William Edward Hickson

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William Edward Hickson (January 7, 1803 – March 22, 1870), commonly known as W. E. Hickson, was a British educational writer, philanthropist, and refomer. He was the author of "Time and Faith" and was the editor of The Westminster Review (1840–1852). He wrote part of the Official Peace Version of the British national anthem, approved by the Privy Council, found in the 1925 edition of Songs of Praise and, with one line changed, in the 1933 edition. He wrote four verses of a hymn beginning "God bless our native land" in 1836 and intended these as a remedy to what could be seen as shortfalls in the parts of the existing anthem. The first, third, and fourth stanzas were added to the UK National Anthem in the English Hymnal. The fourth verse was officially added to the traditional first verse of the Anthem during the raising of the Union Jack during the closing ceremonies of the 2008 Summer Olympics.


Hickson (earlier, spelt Hixton)was the son of William Hickson, a boot and shoe manufacturer of Smithfield, London. Having studied schools in The Netherlands and Germany, he retired from the family business in 1840 to concentrate on philanthropic pursuits: particularly the cause of elementary education.[1] He became editor and proprietor of The Westminster Review which was notable for its commitment to legislative reform and popular education.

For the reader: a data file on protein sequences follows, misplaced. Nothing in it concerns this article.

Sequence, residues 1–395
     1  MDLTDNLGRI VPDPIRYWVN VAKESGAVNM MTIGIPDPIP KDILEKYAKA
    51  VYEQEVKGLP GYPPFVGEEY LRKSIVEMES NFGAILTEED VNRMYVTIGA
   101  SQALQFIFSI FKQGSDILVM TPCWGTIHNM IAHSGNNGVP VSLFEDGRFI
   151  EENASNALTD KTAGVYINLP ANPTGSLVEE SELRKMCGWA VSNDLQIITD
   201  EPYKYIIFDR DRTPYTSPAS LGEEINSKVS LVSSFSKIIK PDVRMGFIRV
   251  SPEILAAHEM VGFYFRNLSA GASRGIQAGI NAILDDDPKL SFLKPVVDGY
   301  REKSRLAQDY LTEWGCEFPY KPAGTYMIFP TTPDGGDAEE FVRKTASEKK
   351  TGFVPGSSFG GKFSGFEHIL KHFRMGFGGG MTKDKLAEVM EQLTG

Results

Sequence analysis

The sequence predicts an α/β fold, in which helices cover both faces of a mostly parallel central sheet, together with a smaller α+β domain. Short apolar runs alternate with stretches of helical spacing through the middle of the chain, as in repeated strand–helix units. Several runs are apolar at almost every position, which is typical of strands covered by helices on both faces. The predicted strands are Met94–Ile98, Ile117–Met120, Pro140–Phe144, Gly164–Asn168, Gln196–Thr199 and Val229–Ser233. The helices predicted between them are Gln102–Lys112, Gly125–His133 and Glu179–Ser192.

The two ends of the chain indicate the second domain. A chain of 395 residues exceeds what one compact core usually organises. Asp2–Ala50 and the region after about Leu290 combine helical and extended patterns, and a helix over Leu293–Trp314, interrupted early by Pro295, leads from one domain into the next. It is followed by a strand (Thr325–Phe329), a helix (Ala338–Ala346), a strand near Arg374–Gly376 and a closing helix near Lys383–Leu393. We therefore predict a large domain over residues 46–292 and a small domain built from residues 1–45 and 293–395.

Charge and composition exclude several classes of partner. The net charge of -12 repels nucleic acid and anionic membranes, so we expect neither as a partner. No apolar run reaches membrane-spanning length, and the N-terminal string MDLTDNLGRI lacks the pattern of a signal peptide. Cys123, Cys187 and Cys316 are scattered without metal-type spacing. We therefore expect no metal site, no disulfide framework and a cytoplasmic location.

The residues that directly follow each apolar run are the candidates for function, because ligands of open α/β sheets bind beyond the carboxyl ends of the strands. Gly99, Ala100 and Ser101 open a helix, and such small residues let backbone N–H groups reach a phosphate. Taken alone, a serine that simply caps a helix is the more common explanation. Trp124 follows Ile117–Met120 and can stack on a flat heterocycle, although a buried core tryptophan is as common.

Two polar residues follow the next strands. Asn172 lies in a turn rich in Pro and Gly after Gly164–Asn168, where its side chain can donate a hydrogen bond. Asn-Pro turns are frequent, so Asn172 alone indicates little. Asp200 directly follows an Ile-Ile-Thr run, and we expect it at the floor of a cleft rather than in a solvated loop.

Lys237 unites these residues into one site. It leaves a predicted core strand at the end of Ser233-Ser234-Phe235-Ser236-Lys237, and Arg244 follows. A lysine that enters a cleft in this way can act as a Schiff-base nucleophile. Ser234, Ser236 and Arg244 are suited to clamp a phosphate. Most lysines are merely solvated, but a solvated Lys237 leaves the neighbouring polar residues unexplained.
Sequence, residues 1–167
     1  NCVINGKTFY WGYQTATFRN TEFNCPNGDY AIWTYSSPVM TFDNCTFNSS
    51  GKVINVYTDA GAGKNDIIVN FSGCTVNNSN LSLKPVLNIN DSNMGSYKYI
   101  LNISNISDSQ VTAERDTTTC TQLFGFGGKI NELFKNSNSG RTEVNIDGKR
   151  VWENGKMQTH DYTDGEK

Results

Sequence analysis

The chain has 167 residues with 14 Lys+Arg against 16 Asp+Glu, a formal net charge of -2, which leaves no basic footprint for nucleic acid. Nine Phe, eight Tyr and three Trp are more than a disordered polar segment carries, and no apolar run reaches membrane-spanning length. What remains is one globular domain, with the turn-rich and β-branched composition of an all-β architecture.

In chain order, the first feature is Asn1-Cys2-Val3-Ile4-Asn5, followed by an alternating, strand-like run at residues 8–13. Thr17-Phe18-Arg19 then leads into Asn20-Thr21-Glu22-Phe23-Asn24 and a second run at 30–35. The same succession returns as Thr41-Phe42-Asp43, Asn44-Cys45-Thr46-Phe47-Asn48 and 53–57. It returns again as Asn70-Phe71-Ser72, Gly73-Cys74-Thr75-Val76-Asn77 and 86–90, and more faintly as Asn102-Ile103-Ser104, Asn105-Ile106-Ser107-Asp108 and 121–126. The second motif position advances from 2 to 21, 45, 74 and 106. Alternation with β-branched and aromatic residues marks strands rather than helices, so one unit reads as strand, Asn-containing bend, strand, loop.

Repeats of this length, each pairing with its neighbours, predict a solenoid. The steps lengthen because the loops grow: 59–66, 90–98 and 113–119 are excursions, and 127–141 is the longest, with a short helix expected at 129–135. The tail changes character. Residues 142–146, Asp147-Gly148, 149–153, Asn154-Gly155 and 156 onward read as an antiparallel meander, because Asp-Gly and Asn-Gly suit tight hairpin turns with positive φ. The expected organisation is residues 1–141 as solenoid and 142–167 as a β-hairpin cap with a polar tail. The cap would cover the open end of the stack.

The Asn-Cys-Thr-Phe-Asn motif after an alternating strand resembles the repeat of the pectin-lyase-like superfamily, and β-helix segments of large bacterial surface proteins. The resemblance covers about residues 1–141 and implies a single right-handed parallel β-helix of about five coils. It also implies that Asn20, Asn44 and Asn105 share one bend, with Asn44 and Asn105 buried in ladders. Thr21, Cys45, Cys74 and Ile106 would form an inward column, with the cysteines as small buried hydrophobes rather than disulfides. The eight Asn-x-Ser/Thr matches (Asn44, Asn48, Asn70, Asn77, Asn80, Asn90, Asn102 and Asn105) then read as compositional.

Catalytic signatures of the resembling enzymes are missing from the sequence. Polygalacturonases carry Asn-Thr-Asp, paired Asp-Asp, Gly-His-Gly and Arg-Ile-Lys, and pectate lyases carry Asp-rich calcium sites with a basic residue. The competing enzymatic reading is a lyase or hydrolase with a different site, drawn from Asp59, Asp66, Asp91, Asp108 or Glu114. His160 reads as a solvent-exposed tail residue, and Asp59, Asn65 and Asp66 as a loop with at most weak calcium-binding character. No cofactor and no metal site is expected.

Hickson died at Fairseat, Stansted, Kent, where he was buried.


Hickson is credited with popularizing the proverb:

'Tis a lesson you should heed:
Try, try, try again.
If at first you don't succeed,
Try, try, try again.[2]

The proverb can be traced back to the writings of Thomas H. Palmer in his Teacher's Manual, and The Children of the New Forest by Fredrick Marryat.[3]


  • The Singing master (1836)
  • Dutch and German Schools (1840)
  • Part Singing (1842)
  • Time and faith — 2 vols. (1857)


  1. ^ Aldrich, Richard J; Gordon, Peter (1989). Dictionary of British Educationists. Routledge. p. 112. ISBN 0-7130-0177-1. 
  2. ^ Oxford Dictionary of Quotations (3rd edition). Oxford University Press. 1979. p. 251. 
  3. ^ "Random House Dictionary of Popular Proverbs and Sayings" by Gregory Y. Titelman (1996, pg.154)

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